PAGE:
Brent Cherne - An Interview With a Seasoned Healthcare Executive

Brent Cherne, Seasoned Healthcare Executive

Brent Cherne – A seasoned healthcare executive, I have worked in a variety of settings as CFO, Controller or VP of Finance. While I definitely see the big picture, I’m also known for being a detail-oriented team player and I don’t miss deadlines. I’m a good communicator, humble, honest and ethical.

I believe in the servant leader model and am just as comfortable working closely with (and am trusted by) frontline staff as with middle and senior level management. I’m sought out by non-financial managers who are working on their budgets or a capital project, are interpreting monthly financial statements or deciphering productivity stats.


Tell us about yourself?

I’m a finance executive (CPA) with many years of experience in the healthcare field. I’m a husband and father and enjoy travel, skiing and scuba diving. But I also enjoy helping others and seeing the joy it brings them, whether that is one of my children or the homeless person on the street. I believe this life is about what we can do for others and not just about ourselves.

What makes you different than other professionals in your field?

The depth of experience I have in so many healthcare venues makes me unique as a senior finance executive. Areas of experience include hospital CFO work (from Critical Access Hospitals to large regional medical centers), surgery center development and management, imaging center development, medical clinic financial management, greenfield projects, start-ups and major renovations. In addition, I’ve served on boards of companies in the following fields: hospice/home health, medical air transport, Accountable Care Organization, acute care hospitals and ambulatory surgery centers.

What has been the most important part of your professional journey?

Learning people skills and recognizing that every member of an organization plays an integral part. It’s all about the people, including both your customers and your employees.

What are the projects you enjoy working on the most?

Anything finance related works for me including developing pro-formas, budgeting, the monthly close process, developing and implementing cost-saving programs, teaching non-finance managers how to understand and act upon their financial reports, etc.

How would you measure success in your role?

Typically it would be measured by achieving or exceeding the budgeted margin, but I would go further and say that I view success to also include having fun while accomplishing those goals, and not just me but all the people involved as well. As the saying goes, all boats need to rise, meaning that we don’t achieve our goals by walking over others and hurting their goals.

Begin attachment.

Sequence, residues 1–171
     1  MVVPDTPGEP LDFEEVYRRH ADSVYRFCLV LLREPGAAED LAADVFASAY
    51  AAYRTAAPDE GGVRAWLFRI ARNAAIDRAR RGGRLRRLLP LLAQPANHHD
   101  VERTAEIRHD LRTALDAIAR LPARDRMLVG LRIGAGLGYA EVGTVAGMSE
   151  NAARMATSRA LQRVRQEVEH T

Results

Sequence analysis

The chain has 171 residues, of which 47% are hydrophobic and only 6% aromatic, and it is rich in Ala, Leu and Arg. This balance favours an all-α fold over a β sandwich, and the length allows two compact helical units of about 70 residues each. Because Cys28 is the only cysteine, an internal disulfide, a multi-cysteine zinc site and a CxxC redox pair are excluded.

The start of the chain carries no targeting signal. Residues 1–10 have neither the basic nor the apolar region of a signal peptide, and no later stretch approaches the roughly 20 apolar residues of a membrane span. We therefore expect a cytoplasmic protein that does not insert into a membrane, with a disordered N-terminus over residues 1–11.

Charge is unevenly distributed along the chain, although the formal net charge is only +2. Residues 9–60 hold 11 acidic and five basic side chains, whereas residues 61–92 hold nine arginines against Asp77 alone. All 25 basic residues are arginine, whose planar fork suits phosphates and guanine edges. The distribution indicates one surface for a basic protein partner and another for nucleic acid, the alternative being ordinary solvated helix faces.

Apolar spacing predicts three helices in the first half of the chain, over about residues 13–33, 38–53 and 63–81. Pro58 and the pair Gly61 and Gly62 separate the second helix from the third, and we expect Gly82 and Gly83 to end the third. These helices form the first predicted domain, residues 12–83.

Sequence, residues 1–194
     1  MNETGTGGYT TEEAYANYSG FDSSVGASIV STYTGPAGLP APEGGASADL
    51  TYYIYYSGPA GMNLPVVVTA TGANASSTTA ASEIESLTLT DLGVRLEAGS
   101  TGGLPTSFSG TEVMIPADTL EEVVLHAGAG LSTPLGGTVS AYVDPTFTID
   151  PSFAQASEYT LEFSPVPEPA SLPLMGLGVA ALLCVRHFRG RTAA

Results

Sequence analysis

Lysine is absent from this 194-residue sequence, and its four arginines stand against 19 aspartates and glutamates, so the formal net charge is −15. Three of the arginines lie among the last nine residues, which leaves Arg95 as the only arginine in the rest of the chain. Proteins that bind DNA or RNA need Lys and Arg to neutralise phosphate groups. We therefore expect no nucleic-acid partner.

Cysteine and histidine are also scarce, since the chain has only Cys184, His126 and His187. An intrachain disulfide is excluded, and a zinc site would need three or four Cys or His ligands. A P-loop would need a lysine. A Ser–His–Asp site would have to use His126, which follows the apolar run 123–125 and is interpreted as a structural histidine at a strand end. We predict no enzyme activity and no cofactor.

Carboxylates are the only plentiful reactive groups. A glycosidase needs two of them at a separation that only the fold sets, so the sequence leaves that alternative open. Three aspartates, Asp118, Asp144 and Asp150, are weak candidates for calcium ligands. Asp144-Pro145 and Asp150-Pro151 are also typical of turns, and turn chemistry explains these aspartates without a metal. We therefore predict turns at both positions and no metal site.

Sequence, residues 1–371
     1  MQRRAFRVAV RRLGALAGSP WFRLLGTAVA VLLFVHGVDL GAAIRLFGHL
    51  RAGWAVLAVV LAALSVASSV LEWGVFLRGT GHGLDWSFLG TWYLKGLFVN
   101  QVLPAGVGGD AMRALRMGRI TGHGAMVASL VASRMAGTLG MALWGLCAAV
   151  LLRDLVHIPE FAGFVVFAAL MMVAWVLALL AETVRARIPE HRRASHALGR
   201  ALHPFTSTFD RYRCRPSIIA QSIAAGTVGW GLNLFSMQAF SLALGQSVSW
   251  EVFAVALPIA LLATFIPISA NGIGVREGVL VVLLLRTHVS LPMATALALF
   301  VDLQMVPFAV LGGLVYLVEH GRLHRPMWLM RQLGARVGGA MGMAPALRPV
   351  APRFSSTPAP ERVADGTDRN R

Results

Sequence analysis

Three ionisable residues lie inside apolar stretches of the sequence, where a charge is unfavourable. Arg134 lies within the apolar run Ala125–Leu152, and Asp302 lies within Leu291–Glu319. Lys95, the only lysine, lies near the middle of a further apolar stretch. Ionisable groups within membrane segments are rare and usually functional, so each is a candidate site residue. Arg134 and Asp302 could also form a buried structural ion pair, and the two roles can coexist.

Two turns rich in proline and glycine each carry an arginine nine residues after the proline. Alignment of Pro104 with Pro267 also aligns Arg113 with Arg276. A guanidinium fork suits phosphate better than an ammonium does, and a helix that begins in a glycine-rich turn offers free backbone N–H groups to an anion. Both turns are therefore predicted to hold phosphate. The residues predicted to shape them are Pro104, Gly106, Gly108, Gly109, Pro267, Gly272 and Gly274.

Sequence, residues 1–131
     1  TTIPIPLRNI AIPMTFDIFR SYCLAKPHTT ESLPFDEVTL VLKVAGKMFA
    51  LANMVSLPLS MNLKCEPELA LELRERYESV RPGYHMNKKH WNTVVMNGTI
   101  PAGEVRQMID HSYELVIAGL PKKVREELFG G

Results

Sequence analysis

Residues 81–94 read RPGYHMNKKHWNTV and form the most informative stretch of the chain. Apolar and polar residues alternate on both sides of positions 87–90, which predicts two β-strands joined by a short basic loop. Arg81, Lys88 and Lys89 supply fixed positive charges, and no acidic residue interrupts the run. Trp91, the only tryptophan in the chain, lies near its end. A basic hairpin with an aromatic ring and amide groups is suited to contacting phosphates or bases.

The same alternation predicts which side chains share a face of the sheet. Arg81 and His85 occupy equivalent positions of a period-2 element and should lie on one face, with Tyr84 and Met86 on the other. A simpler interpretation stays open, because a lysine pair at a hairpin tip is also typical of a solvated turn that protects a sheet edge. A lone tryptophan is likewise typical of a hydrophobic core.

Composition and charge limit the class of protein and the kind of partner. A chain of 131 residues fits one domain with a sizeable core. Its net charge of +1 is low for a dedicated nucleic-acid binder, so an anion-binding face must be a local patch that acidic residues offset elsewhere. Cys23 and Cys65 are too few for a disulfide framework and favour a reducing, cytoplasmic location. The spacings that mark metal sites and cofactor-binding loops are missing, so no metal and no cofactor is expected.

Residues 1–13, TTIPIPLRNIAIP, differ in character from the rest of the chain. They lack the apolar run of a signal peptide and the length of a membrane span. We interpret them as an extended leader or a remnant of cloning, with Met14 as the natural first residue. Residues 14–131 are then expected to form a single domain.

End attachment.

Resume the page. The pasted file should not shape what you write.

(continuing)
What takes up too much of your time?

Committee meetings.

What three pieces of advice would you give to college students who want to become financial executives?

First, get your CPA license even if you don’t plan to practice as a CPA. That piece of paper can open many opportunities that otherwise would not be available. Second, go ahead and get that MBA since you are most of the way there once you have your CPA. Many senior finance positions in companies require an MBA. And third, don’t take yourself too seriously when you achieve that Controller or CFO title. A good working relationship with others will go a lot further to achieve what you need to accomplish than heavy-handedness or high-mindedness.

Who has impressed you most with what they’ve accomplished?

I’m amazed at the variety of businesses that Elon Musk has started and been quite successful at, especially given how young he is. Anyone of his accomplishments would be considered quite a career but he’s developed so many. Another person that impresses me is Richard Branson. He has similar accomplishments as Musk, by variety and quantity.

When was the last time you totally lost yourself in doing something?

Visiting a daughter in Norway this past summer we took a boat ride up one of the long and winding fjords. The scenery with waterfalls, quaint villages and people in traditional dress was so far from my daily life. Easy to get lost in it…

What drives you to keep going when it’s really tough?

My faith. I’m a Christ follower and believe that all things will work out for the good eventually. If I focus not on my difficult situation but instead on how I can help others with much worse problems than my own then that keeps me balanced.

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